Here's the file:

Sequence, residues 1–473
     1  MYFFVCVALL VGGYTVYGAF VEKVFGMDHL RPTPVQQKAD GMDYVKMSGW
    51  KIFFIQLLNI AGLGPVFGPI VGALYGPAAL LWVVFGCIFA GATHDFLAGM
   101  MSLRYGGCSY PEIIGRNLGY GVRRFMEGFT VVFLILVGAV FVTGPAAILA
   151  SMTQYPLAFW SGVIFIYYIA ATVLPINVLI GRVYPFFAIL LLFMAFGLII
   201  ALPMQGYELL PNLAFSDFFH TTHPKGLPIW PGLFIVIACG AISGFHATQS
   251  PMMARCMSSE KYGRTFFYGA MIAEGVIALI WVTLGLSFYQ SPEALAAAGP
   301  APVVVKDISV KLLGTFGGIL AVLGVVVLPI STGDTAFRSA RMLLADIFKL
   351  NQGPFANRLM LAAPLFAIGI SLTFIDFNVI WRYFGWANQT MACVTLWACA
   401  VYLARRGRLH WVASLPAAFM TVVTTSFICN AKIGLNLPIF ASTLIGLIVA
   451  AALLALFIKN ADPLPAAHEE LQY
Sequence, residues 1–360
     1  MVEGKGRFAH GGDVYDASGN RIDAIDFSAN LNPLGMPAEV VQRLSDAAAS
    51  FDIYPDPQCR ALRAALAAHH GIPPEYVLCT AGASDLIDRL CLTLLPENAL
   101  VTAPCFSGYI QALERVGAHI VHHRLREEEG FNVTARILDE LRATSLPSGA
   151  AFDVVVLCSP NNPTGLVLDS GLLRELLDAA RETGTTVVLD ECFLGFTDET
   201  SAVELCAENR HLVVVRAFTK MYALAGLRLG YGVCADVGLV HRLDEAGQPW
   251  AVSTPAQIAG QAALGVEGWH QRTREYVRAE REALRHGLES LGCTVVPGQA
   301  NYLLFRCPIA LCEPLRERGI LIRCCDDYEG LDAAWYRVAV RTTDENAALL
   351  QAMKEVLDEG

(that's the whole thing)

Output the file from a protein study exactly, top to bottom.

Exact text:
Sequence, residues 1–473
     1  MYFFVCVALL VGGYTVYGAF VEKVFGMDHL RPTPVQQKAD GMDYVKMSGW
    51  KIFFIQLLNI AGLGPVFGPI VGALYGPAAL LWVVFGCIFA GATHDFLAGM
   101  MSLRYGGCSY PEIIGRNLGY GVRRFMEGFT VVFLILVGAV FVTGPAAILA
   151  SMTQYPLAFW SGVIFIYYIA ATVLPINVLI GRVYPFFAIL LLFMAFGLII
   201  ALPMQGYELL PNLAFSDFFH TTHPKGLPIW PGLFIVIACG AISGFHATQS
   251  PMMARCMSSE KYGRTFFYGA MIAEGVIALI WVTLGLSFYQ SPEALAAAGP
   301  APVVVKDISV KLLGTFGGIL AVLGVVVLPI STGDTAFRSA RMLLADIFKL
   351  NQGPFANRLM LAAPLFAIGI SLTFIDFNVI WRYFGWANQT MACVTLWACA
   401  VYLARRGRLH WVASLPAAFM TVVTTSFICN AKIGLNLPIF ASTLIGLIVA
   451  AALLALFIKN ADPLPAAHEE LQY
Sequence, residues 1–360
     1  MVEGKGRFAH GGDVYDASGN RIDAIDFSAN LNPLGMPAEV VQRLSDAAAS
    51  FDIYPDPQCR ALRAALAAHH GIPPEYVLCT AGASDLIDRL CLTLLPENAL
   101  VTAPCFSGYI QALERVGAHI VHHRLREEEG FNVTARILDE LRATSLPSGA
   151  AFDVVVLCSP NNPTGLVLDS GLLRELLDAA RETGTTVVLD ECFLGFTDET
   201  SAVELCAENR HLVVVRAFTK MYALAGLRLG YGVCADVGLV HRLDEAGQPW
   251  AVSTPAQIAG QAALGVEGWH QRTREYVRAE REALRHGLES LGCTVVPGQA
   301  NYLLFRCPIA LCEPLRERGI LIRCCDDYEG LDAAWYRVAV RTTDENAALL
   351  QAMKEVLDEG